Return Home

MASS TRANSIT IS THE KINGPIN TO NYC RECOVERY

Harold H. Geissenheimer's Transnet #111

As New York City plans the redevelopment of lower Manhattan following  September 11, federal, state, local and private groups have acknowledged  the vital role that mass transit must play. The NYC metropolitan area has  long had the largest transit base in the nation. Many improvements are  coming on line now to continue this important role.

The destruction of the World Trade Center resulted in the suspension of  PATH service to lower Manhattan. The Port Authority of NY and NJ,  operator of PATH, responded by designing and constructing a new  temporary PATH WTC station on the site of the former loop station.  This is planned to be completed by the end of 2003.

This project also  included complete rehabilitation of track, power and signals for the  twin tunnels from New Jersey. In a first step, a new crossover will  allow the Exchange Place Jersey City station to reopen for shuttle  service. The inbound platform to NYC is being extended to allow  for ten car trains. A final WTC station will be built once plans  for the entire WTC redevelopment are complete. The end result will  be a complete upgrading of the PATH tunnels and stations on the  lower Manhattan route.

 On New York City Transit, there has been a quick reconstruction and  reopening of the subway facilities at the WTC. The 1-9 line to South  Ferry reopened on September 15 allowing restoration of normal West  Side Express service. On September 18, I inspected the station's at  South Ferry and Rector Street. NYCT has completed a major restoration  in kind of both stations. At South Ferry, a new stairway and pre-fab head  house has been built at the south end of the loop platform closer to the  Staten Island ferry terminal. The former Cortlandt Street station adjacent  to the WTC remains closed pending final WTC development. Also on  September 15, the Cortlandt Street N-R line station was reopened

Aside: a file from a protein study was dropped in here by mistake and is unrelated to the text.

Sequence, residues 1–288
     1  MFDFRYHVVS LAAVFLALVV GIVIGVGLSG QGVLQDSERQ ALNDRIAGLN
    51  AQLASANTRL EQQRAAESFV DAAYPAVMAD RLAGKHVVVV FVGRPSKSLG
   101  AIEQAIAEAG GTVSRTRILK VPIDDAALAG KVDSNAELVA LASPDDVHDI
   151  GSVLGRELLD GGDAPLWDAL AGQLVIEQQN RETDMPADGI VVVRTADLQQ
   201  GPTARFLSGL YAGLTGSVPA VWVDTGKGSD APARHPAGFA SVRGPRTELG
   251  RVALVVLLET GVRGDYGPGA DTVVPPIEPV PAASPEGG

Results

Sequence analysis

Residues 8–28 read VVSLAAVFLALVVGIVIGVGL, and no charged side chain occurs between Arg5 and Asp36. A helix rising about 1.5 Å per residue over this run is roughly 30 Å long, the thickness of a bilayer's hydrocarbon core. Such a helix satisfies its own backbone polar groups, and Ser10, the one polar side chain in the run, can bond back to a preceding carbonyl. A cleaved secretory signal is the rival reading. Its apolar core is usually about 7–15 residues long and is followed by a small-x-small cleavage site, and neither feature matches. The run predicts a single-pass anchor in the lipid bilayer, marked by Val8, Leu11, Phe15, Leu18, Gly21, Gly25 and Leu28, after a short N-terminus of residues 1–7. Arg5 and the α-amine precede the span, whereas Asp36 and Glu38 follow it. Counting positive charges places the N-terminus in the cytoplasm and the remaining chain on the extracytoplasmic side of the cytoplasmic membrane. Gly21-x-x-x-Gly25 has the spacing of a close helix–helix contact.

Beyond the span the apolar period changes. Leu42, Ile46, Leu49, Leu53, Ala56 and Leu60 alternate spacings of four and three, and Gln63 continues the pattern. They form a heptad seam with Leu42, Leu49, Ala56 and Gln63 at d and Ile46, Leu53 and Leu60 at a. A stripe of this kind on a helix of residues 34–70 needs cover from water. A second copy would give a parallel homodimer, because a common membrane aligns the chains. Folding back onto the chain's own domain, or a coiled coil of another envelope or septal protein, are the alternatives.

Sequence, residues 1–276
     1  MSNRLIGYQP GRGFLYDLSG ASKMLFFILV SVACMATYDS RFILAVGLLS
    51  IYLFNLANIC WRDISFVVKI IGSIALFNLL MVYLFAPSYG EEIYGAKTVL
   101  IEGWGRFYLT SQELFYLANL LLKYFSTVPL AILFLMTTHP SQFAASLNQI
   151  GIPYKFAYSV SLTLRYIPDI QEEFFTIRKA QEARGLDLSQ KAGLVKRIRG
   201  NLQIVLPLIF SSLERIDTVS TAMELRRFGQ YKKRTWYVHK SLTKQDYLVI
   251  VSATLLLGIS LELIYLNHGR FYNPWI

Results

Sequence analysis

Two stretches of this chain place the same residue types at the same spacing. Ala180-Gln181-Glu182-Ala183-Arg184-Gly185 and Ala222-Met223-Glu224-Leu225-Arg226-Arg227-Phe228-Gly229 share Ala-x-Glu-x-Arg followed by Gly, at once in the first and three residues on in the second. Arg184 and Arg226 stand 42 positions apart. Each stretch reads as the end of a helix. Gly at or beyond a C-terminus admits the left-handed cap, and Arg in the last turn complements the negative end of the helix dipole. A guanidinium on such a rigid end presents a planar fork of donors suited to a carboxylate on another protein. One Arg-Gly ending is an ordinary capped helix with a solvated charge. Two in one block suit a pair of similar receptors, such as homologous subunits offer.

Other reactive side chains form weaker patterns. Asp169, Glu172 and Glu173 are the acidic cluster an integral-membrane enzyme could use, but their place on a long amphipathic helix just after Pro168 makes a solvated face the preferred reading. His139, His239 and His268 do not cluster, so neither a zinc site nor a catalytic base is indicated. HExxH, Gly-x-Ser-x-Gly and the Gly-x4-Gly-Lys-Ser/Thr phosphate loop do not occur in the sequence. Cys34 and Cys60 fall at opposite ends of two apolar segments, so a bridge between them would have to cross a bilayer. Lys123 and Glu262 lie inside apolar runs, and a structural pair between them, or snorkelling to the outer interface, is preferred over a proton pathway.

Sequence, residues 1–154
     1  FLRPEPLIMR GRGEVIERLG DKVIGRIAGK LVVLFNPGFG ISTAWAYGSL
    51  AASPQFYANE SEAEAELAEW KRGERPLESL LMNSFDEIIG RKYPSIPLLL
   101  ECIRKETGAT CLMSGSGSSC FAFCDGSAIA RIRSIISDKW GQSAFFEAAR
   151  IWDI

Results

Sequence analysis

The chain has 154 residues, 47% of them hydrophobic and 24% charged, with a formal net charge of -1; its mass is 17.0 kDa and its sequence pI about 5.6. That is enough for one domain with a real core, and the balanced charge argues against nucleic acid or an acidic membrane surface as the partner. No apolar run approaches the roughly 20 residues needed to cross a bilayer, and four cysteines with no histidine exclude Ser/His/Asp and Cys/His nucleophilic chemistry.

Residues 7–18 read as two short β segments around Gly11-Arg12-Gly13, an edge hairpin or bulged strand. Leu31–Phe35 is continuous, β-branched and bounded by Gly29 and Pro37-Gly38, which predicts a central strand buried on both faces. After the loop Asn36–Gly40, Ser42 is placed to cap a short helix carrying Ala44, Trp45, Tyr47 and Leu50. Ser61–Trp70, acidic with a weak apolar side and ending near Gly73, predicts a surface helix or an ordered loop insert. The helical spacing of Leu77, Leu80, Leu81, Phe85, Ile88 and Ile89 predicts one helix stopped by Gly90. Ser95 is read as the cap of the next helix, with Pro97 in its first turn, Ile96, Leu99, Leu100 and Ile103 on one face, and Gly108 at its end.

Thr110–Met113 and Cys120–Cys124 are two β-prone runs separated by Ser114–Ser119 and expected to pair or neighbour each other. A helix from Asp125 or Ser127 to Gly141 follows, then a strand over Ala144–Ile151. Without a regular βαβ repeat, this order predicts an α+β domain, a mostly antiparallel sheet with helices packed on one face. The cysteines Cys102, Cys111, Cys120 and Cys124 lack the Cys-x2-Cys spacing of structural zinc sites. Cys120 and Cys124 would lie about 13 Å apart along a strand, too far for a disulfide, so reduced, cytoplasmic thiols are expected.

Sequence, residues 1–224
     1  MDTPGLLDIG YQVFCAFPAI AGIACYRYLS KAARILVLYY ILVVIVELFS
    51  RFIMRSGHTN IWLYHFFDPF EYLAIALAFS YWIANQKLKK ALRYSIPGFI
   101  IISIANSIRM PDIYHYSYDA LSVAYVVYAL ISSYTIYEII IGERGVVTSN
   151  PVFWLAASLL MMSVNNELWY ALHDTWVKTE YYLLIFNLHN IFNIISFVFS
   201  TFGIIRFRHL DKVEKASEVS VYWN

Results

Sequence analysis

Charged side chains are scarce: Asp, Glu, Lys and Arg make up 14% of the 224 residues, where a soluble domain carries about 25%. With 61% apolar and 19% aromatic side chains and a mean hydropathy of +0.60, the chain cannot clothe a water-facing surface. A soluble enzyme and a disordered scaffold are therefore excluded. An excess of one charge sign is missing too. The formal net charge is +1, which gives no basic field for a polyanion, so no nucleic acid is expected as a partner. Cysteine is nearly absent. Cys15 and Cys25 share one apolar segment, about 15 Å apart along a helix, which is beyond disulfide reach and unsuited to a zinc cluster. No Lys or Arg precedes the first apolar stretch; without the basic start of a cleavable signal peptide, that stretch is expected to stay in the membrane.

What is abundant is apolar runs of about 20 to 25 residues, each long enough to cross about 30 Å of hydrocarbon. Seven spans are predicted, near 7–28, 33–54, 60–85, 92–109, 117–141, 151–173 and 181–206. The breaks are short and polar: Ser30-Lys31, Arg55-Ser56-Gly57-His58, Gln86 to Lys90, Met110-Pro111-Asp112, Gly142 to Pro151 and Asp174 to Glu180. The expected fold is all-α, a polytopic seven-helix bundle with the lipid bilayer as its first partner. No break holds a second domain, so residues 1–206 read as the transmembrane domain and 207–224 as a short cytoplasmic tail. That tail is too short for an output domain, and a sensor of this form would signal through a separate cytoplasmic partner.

following rehabilitation.

 The next step is the development of a major underground mass transit terminal  at Cortlandt street. This will connect the Fulton Street 4-5, A-C, J-M-Z  stations with the N-R, 1-9 and WTC stations. Funding has been secured for this  facility. This will provide a solid mass transit base for the future of lower  Manhattan.

 On the surface, the NYDOT has taken a major step in restricting Trinity Place  to buses only during the peak hours. This will expedite the movement and  loading of Express buses between the Brooklyn-Manhattan tunnel and the Holland  tunnel. Restrictions on truck traffic and rush hour single occupancy vehicles  remain at the Holland tunnel. These moves have reduced over all  traffic congestion in this crowded area.

 In Brooklyn, the LIRR-Atlantic Ave and NYCT Pacific Street  stations are in the middle of a major reconstruction which  will expedite connections to lower Manhattan.  In Queens, the Port Authority is completing its Airtrain connections  from the A train at Howard Beach and the LIRR at Jamaica. The  Howard Beach and terminal loop will open later this winter.

 In the future, MTA is proceeding with the planning for the Second Ave  subway and possible Metro North and/or LIRR extensions to lower Manhattan.  The combination of all these improvements will maximize the impact of  mass transit on this vital area.

Return Home